Five Relievers You Might Be Overlooking

Let's shine some light on a few under-the-radar relievers.

Major League Baseball is an utterly massive entity. There are 780 players on an active roster at any given time during the regular season. This year especially, with the expanded rosters for April along with the yearly September call-ups, that number expands to 840. It’s impossible to keep track of every player. In the first month alone, 394 different pitchers made an appearance out of the bullpen. The ones that aren’t stars or highly touted prospects can slip through the cracks. This is further compounded by the relentless turnover in bullpens league-wide. They go from team to team, they get injured, they get sent down, and new ones get called up. It’s an endless cycle. So I thought I’d shed some light on a few of them—ones that are off to hot starts you may not have noticed.


1. Victor Arano


From 2019 to 2021, Victor Arano pitched just 44.2 innings. 40 of them came in AAA. After pitching in the Braves system without ever being called up last year, he signed with Washington this past offseason on a minor-league deal. This rough stretch after a promising start to his career makes the start he’s off to this season even more fascinating. The Statcast movement numbers may not be particularly impressive but, looking a little deeper, we find that his slider is one of the very best in baseball.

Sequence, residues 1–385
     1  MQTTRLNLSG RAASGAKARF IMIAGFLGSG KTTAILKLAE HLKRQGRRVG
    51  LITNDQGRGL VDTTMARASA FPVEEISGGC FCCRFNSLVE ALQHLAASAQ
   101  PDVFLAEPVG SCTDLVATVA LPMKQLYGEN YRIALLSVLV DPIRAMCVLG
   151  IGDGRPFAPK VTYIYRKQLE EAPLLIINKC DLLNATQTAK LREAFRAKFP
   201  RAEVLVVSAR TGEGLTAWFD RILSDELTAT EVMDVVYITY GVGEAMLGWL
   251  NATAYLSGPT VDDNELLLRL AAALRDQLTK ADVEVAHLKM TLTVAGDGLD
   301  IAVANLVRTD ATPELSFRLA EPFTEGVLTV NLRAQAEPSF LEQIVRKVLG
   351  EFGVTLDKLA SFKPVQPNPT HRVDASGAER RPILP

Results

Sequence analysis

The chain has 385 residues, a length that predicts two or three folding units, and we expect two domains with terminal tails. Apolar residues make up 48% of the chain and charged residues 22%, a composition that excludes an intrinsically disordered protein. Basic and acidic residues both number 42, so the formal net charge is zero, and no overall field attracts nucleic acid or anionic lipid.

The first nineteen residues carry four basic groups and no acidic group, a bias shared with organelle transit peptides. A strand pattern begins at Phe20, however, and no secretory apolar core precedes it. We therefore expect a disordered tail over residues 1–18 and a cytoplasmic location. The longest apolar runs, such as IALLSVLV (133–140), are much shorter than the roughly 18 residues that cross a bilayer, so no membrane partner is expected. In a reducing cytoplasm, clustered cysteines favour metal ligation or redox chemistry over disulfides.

It’s a slider that thrives off of its gyro spin so it doesn’t have big sweeping movement. It’s almost completely straight with very little horizontal movement in either direction but appears to have late bite to the hitter. Something about this movement profile utterly baffles hitters. They can barely touch the pitch. He also has a heavy sinker that induces lots of ground balls. Additionally, he’ll sometimes throw a high 4-seamer which has been effective though in limited use. Pitch location has been a strength of his so far, pounding the bottom corners. He often throws his pitches just out of the zone but close enough that hitters are enticed to swing at them.

Arano is an excellent relief pitcher, everything you could ask for. High strikeout numbers, doesn’t beat himself with poor command, and limits dangerous contact. After going just 11 days shy of three years between MLB outings, he looks poised to dominate from the bullpen.




2. Joey Krehbiel


Having reinvented himself in the time since his first cup of coffee in 2018, Joey Krehbiel is a backward pitcher. Granted, he always was. He threw a sweeping slider more than 50% of the time in that first stint. What makes it stranger is that he’s since essentially scrapped that pitch. Less than a third of his pitches so far this season have been fastballs. He now works primarily off of a changeup that was previously an afterthought and a cutter he learned and developed during the downtime that the lack of minor league baseball in 2020 created. Microscopic sample size aside, there’s some promise here that he could find sustained success with his new arsenal.


(Image courtesy of Baseball Savant)